The first cookbook to showcase the culinary secrets of the Melaka Chetti


Chetti Melaka food is one of the last unknown Malaysian cuisines but with the introduction of the community’s first cookbook, it has finally been articulated and defined. — Photos: The Melaka Chetti Kitchen

In the heart of Melaka, amidst the dense conurbation and urbanisation, lies a tiny little village called Kampung Chetti. This village is the ancestral home of the Melaka Chetties – the original Peranakans (which means “child of the land”) of Malaysia.

The Chetties trace their roots over 500 years ago when Indian traders arrived in Melaka from the Coromandel Coast and married local women. The resulting match-ups resulted in a hybrid Hindu community who speak a kind of bazaar Malay and whose cultures and customs are derived of their ancestry, their surroundings and their evolution in the land they have called home for hundreds of years.

As the years have passed, the community’s numbers have dwindled, and estimates now indicate that only 30 families still live in Kampung Chetti, while the overall numbers of the entire Chetti community are thought to be somewhere in the region of 2,000, as migration and intermarriage with other ethnic groups has resulted in a rapidly vanishing population.

More worrying still is the culinary passing of the guard – or lack thereof. In the Chetti community, recipes traditionally passed down the matriarchal line and were closely guarded by the women in each family.

In the Melaka Chetti community, recipes always passed down the matriarchal line and women were the recipe-keepers of each generation.In the Melaka Chetti community, recipes always passed down the matriarchal line and women were the recipe-keepers of each generation.

As the community’s traditions loosened and its numbers dwindled, so too did the safe-keeping of these recipes. As a consequence, there remain only a handful of these recipe-bearers these days – many of whom are now in their seventies and eighties.

To compound this, little is known about the food of the community outside the community itself. Despite being around for hundreds of years, these recipes had remained elusively hidden and were now facing the threat of extinction. There was also the painful realisation that no one would remember or even know these foods once the current generation passed on. In this way, it would have died with them.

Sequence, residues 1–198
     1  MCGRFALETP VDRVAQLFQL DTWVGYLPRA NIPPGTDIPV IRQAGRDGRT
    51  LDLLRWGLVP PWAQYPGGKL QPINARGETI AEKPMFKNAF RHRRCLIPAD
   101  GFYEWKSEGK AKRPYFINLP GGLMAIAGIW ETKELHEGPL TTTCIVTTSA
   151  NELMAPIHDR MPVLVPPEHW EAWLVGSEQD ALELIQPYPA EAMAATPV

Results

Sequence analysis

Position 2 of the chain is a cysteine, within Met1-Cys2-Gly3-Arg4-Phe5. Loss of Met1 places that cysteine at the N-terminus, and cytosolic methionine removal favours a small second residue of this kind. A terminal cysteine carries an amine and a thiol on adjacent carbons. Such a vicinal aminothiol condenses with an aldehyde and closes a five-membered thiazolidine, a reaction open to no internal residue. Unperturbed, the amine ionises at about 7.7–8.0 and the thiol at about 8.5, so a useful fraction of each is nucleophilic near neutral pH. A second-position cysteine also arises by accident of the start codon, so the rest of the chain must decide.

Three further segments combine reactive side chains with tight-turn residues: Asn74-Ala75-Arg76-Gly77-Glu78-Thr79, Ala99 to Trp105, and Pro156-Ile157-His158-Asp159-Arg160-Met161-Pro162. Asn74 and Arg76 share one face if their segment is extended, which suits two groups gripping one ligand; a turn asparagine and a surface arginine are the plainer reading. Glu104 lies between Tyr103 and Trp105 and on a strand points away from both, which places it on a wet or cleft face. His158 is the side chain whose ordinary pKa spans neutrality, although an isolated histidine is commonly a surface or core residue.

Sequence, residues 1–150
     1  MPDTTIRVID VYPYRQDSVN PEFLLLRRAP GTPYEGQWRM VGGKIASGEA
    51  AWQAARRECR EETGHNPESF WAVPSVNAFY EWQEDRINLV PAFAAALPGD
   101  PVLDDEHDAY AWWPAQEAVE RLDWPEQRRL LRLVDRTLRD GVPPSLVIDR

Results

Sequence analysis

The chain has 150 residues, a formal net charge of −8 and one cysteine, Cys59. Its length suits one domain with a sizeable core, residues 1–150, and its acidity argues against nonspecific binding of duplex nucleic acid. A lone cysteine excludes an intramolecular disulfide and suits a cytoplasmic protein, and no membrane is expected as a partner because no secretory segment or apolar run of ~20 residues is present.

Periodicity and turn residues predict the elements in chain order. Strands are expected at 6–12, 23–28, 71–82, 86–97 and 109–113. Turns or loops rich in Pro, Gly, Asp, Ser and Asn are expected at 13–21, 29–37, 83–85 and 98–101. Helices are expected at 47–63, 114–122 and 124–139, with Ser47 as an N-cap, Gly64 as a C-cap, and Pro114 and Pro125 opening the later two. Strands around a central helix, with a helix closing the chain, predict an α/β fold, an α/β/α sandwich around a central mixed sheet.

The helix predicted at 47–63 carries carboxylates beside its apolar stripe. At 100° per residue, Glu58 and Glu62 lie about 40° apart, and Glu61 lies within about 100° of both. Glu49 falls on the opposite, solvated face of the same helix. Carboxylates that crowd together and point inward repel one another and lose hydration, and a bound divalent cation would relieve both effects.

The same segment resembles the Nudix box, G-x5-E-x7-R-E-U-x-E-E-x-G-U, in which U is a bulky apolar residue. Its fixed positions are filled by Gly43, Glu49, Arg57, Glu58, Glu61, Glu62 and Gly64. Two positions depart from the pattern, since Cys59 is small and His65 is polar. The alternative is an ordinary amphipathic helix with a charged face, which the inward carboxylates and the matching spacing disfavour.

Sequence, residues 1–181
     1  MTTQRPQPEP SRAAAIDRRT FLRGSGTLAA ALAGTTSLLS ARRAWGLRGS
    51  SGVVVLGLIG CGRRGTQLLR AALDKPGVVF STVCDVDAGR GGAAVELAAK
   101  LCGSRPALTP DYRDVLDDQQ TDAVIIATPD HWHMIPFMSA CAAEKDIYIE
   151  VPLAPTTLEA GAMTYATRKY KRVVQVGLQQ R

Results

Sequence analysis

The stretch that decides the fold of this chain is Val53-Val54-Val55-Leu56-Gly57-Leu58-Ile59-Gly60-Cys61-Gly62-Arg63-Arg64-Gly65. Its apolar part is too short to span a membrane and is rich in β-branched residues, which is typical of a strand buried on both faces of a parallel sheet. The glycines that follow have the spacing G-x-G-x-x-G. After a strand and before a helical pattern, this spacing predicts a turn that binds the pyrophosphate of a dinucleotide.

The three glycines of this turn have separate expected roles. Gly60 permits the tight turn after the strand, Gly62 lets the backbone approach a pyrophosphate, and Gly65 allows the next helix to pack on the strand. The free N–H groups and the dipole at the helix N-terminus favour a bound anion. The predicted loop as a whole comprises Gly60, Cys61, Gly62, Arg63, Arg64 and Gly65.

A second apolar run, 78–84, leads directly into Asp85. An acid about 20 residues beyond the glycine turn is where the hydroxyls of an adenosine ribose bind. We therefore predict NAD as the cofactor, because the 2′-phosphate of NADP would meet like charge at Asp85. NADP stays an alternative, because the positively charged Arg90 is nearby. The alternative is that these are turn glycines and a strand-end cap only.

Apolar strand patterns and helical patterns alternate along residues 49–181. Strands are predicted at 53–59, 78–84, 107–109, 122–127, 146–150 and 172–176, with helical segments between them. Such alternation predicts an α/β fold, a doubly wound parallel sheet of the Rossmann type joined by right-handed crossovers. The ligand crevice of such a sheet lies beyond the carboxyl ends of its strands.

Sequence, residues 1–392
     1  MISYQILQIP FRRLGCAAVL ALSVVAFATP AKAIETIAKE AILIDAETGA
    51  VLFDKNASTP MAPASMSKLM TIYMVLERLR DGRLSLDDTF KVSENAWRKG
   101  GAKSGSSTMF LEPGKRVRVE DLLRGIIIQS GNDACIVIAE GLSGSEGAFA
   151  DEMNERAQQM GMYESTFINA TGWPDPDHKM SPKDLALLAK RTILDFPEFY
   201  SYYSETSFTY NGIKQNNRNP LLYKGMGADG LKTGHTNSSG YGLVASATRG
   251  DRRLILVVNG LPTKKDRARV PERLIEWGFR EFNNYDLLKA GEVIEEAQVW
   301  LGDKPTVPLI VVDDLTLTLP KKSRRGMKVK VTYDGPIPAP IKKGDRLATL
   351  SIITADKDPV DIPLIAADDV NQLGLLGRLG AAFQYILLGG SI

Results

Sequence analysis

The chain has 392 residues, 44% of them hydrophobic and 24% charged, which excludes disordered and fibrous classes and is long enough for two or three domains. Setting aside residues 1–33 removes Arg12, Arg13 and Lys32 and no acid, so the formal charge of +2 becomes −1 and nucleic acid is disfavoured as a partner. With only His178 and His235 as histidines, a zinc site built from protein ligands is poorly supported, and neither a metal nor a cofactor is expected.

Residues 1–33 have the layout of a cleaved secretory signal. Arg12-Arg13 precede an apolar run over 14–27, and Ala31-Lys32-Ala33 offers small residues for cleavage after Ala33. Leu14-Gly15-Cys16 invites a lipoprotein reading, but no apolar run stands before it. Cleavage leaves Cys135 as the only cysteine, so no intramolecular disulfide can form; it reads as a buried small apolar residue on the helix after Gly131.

“We realised that if we don’t take steps to protect it right now, then the culinary history of the Melaka Chetti will be gone,” says Roy Anandthan Padiachee, a member of the Melaka Chetti community.

In the old days, Melaka Chetties always married within the community. Nowadays, intermarriage has resulted in a rapidly shrinking population which means few Chetties still cook traditional meals. In the old days, Melaka Chetties always married within the community. Nowadays, intermarriage has resulted in a rapidly shrinking population which means few Chetties still cook traditional meals.

It was this dire need to document the recipes, culture and culinary traditions of the community for posterity that propelled the Chetti community to collaborate with intrepid food writers and documentarians Julie Wong and Dr David Neo on the first Chetti Melaka cookbook.

How the collaboration came about

Neo is an academic at Universiti Teknologi Mara with a strong interest in Peranakan culture while Wong is a renowned food journalist and editor who has produced cookbooks like Nonya Flavours: A Complete Guide To Penang Straits Chinese Cuisine.

Neo and Wong bonded over a love of Peranakan culture and both realised something needed to be done to conserve the embers of Chetti Peranakan culinary customs.

But the stars had to be aligned and Neo soon realised this when his initial efforts to reach out to the community were spurned.

Wong (left) and Neo were concerned that the Melaka Chetti culinary customs and recipes would become extinct and were elated to work with the community on this ground-breaking cookbook. — ABIRAMI DURAI/The StarWong (left) and Neo were concerned that the Melaka Chetti culinary customs and recipes would become extinct and were elated to work with the community on this ground-breaking cookbook. — ABIRAMI DURAI/The Star

Dejected, he approached the Chetties in Singapore, who agreed to work with him and Wong. The team even secured a Singapore National Heritage Trust grant for the project.

But once they started working with the community, Wong and Neo quickly sussed out that most Chetties in Singapore had entirely forgotten their roots and way of life.

“We interviewed about 20 Chetties in Singapore and they had a deep sense of identity crisis and displacement. I think a lot of them had converted to Christianity as well (Chetties are typically Hindu) and so even getting the recipes, we felt it was kind of here and there,” says Neo.